A Festivus for the Rest of Us! The Airing of Marketing Grievances

Pamela Vaughan
Pamela Vaughan



frank-costanza-festivus"A Festivus for the rest of us!"

If you were a fan of Seinfeld, you know that today, December 23rd, is the day we celebrate Festivus. If you weren't a Seinfeld fan, don't worry, you'll still find enjoyment in this post. 

Starting out as a family tradition of Seinfeld scriptwriter Dan O'Keefe, the fictional holiday served as non-religious alternative to the commercialism associated with Christmas, and was featured in episode 10 of Seinfeld's final season in 1997.

The Festivus celebration included a Festivus feast, a bare-bones, aluminum "Festivus Pole" for decoration, participation in various "Feats of Strength," and the practice of referring to common, easily explainable events as "Festivus Miracles."

Oh, and how could I forget? The "Airing of Grievances" -- in which each Festivus participant expresses the pent-up disappointment in others (and the world at large) they've had in the past year. Pleasant, huh?

Well, in the spirit of Festivus, we decided to join in on the action, so I asked my fellow HubSpot marketers to share their own marketing grievances. Here's what's really been grinding our gears over the past year ...

The 2013 Airing of Marketing Grievances

Spammy Marketers

"I can't stand it when crappy, spammy marketers give the rest of us a bad name." -- Laura Fitton, Inbound Evangelist 

"Yeah, I cringe every time a marketer sends me an offer I don't qualify for. Don't send me something that's meant only for new customers when I'm an existing customer." -- Debbie Farese, Senior Manager, Sales Enablement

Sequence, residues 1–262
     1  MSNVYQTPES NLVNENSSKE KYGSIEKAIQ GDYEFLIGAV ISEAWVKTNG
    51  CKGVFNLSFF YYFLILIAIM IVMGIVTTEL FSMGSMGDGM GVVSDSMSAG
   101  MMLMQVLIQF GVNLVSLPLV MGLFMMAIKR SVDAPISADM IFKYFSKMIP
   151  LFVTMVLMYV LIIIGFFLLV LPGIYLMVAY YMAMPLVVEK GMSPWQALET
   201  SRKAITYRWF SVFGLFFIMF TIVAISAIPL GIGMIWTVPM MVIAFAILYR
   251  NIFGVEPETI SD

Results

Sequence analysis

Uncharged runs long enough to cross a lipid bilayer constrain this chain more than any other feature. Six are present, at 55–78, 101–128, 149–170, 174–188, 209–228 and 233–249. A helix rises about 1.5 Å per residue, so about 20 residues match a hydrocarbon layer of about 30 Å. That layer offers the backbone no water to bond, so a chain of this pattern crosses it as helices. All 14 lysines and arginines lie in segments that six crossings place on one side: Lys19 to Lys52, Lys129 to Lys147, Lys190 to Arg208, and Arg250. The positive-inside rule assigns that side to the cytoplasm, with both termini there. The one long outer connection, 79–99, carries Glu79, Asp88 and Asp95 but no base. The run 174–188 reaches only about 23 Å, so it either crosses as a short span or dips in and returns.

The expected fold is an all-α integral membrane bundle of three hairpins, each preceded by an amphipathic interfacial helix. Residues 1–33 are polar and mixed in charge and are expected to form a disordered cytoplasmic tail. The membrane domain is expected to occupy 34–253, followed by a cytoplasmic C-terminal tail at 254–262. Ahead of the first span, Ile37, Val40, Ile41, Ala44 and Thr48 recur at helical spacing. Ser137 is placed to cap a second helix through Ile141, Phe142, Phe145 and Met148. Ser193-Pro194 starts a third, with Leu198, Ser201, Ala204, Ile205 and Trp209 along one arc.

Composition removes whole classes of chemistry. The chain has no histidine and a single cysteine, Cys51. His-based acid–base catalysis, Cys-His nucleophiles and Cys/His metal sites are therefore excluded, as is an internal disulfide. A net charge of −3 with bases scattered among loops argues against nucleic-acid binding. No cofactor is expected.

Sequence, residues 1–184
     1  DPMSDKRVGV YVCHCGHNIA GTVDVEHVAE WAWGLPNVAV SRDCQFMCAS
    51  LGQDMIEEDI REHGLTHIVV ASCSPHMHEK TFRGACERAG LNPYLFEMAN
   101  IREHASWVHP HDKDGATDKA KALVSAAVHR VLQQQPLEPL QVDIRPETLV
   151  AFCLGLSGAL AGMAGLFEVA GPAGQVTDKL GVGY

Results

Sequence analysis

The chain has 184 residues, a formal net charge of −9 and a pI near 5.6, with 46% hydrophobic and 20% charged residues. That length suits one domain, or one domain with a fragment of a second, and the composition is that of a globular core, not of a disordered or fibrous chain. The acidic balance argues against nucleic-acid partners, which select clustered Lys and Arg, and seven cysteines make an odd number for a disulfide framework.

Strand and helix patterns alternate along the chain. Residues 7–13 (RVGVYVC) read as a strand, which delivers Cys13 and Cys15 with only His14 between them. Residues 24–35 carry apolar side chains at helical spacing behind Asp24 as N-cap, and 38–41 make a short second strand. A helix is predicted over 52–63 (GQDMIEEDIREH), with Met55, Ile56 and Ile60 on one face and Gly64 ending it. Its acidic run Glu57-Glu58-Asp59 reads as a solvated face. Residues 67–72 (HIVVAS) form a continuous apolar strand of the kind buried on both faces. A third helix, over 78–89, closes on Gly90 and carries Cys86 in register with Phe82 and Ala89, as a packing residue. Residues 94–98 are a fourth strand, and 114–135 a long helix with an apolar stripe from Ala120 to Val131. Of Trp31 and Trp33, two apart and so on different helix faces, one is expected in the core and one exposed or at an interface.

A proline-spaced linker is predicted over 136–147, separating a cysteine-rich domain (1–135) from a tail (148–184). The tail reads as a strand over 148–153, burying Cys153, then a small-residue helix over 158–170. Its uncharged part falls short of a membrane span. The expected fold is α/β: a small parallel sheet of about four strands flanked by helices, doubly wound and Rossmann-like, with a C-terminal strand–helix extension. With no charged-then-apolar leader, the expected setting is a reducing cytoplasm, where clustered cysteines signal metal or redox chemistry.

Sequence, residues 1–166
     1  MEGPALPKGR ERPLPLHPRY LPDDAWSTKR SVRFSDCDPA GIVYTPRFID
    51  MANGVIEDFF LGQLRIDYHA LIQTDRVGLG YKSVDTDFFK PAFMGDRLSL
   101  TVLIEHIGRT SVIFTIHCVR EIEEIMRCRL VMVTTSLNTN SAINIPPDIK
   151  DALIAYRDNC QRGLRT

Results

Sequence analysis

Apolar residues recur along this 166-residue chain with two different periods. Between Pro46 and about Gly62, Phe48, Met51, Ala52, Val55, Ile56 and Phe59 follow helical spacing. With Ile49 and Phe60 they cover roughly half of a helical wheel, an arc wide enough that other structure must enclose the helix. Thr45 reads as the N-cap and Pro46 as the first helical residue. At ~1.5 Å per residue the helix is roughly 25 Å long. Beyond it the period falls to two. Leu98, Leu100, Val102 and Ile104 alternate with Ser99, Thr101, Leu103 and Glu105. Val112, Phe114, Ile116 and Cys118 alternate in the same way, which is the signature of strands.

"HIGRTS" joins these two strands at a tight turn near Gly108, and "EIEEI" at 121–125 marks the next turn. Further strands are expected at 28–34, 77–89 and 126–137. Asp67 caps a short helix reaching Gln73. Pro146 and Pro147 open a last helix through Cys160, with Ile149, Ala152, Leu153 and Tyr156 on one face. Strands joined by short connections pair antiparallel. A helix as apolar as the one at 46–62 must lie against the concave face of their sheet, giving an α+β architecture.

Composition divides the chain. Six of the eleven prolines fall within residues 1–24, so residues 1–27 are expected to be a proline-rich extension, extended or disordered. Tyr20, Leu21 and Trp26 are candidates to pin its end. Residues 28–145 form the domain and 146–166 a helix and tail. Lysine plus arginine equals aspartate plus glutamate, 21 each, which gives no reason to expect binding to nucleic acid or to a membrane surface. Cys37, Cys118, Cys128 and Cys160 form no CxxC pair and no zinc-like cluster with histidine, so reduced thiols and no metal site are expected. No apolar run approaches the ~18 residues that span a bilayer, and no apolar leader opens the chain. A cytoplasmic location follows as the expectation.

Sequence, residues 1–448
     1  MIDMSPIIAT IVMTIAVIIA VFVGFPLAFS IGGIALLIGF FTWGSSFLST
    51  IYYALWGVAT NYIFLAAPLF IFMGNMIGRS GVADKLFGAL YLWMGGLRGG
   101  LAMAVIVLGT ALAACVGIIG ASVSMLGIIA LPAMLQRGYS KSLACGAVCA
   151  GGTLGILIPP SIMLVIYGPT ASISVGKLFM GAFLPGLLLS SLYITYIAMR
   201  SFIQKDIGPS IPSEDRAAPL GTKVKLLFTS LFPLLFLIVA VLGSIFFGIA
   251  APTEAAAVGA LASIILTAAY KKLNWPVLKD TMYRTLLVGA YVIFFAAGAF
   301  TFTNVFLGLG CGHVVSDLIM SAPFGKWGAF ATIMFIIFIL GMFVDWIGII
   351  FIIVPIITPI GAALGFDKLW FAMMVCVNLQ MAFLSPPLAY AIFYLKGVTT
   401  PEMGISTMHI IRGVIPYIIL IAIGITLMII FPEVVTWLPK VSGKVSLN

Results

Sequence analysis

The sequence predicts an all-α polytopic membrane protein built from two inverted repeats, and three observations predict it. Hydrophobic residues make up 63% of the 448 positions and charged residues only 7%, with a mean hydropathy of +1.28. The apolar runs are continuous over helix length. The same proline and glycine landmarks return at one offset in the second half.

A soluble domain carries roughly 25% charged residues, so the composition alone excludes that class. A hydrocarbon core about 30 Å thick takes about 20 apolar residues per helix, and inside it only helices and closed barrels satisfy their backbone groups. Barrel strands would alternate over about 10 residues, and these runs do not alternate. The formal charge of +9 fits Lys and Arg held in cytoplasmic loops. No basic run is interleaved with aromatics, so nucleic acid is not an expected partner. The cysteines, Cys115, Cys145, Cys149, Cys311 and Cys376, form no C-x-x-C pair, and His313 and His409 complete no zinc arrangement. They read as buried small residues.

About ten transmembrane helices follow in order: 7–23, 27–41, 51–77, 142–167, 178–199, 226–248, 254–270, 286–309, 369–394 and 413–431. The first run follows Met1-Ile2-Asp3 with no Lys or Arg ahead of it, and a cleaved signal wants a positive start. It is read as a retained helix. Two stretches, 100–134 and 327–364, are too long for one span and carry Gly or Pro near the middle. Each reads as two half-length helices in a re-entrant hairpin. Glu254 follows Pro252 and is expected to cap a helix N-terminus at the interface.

Cursory Commenters

"It frustrates me to no end when blog commenters leave comments that make it obvious they haven't even read the full post. 'You forgot point X, Y, Z,' you say? 'No we didn't. They're right there in paragraphs 2, 5, 7,' replies my disgruntled inner monologue." -- Yours Truly

The Inefficient Unsubscriber 

"I don't get why people reply to our emails with 'UNSUBSCRIBE ME' in all caps. The unsubscribe link was right there, and it must've taken you more effort to draft that reply email." -- Niti Shah, Head of Email Marketing

The GIF Creator ... and Jeopardy

"I don't care what Jeopardy or the creator of the GIF says the "official" pronunciation is. GIF isn't a peanut butter -- JIF is. Usage should dictate pronunciation!" -- Corey Eridon, Lead Blog Editor


"I can't stand overused marketing jargon. 'Big data,' the 'internet of things,' 'disruption,' 'innovation.' You name it, I hate it." -- Katie BurkePublic Relations Manager

Anti Thought-Provoking Commentary 

"I really love it when the first comment on a really thoughtful blog post is in regard to a typo. Thanks for focusing on what really matters, guys." -- Ginny Soskey, Staff Writer

The Disrespectful Social Media Attacker

"It kills me when people automatically attack a company's social media manager if they're angry about something the company did or didn't do. There's a real person with feelings behind that corporate social media account, people. Please act respectful and try not to kill the messenger." -- Brittany Leaning, Social Media Manager